This definition has been around since the UK had become signatory to TRIPS in 1995. The UK law was required to implement the had to oblige to the requirements set by the convention. As this definition was already in place, nevertheless It is important analyse to look at the current interpretation at common law, identifying how ‘trade secrets’ are protected. and how it This analysis will highlight any decides what is confidential and what isn’t and compare if there will be any impact the Directive will have on the common law.
Protection of confidential information under Common law
There is no definition of a trade secret in the UK. The law relating to confidential information has been developed through case law. An obligation of confidence may arise via contract through express or implied terms or it can arise independently of contract on an equitable basis as per Coco vs Clark.
4.0 Trade secrets protection under contract law
4.1The juridical basis for the law of confidence is predicated on a duty of good faith and it is generally considered that the law derives from the English legal concept of Equity.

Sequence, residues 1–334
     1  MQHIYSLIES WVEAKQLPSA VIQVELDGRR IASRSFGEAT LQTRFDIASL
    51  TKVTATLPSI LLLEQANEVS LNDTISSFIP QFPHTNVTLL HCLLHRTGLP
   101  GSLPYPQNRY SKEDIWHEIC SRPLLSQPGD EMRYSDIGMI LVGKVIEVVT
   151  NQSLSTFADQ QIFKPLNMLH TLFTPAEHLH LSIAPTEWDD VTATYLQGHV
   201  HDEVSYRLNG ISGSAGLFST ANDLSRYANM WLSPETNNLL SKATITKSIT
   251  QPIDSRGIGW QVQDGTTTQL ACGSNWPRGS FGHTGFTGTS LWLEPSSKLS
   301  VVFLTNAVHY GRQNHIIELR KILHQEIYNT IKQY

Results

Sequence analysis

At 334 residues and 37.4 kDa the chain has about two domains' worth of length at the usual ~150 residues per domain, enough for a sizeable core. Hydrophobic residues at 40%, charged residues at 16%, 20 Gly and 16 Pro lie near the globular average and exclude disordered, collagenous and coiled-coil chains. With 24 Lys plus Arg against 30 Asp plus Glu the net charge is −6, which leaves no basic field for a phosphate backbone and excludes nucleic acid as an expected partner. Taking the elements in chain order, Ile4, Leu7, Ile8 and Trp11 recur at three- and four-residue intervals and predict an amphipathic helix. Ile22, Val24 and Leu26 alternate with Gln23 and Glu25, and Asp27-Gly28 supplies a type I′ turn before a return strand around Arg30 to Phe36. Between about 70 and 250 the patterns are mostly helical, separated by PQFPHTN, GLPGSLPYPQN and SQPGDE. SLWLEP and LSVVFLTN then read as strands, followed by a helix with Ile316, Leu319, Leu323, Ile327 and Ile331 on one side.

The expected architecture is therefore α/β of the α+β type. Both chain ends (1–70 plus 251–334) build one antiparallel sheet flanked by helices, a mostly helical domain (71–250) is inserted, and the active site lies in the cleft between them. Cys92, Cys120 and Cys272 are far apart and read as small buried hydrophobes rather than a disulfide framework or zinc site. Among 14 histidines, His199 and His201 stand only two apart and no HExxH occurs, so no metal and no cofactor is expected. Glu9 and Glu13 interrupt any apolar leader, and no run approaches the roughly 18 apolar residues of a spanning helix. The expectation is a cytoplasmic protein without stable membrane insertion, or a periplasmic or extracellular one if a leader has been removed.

An example of this can be seen through the law of employment, where the protection for the employer while the employee remains employed is fairly extensive as per Prince Albert vs Strange. Post-employment however, implied protection is more limited.
- In the leading case of Faccenda Chicken vs Fowler Neil LJ observed that an implied duty of confidentiality will be owed by an employee after their employment has ended, but this implied duty is “more restricted in its scope” than an employee’s duty of fidelity that subsists during employment.
- More recently, in the case of Lansing Linde Ltd vs Kerr, Staughton L.J was asked a question about how trade secrets differ from confidential information. To which he stated, “It must be information used in a trade or business, and that the owner must limit the dissemination of it or at least not encourage or permit widespread publication.”
- In this present case, it clear that subsequent courts have still found it difficult to draw a line between trade secrets and other confidential information. Therefore, one can argue that the Directive (EC) 2016/943 will have an impact on the law of action of breach of confidence, as the introduction of a uniform definition of “trade secret” will help provide more consistency and clarity in the EU. This and hence will improve legal certainty in relation to trade secrets for companies operating within the EU.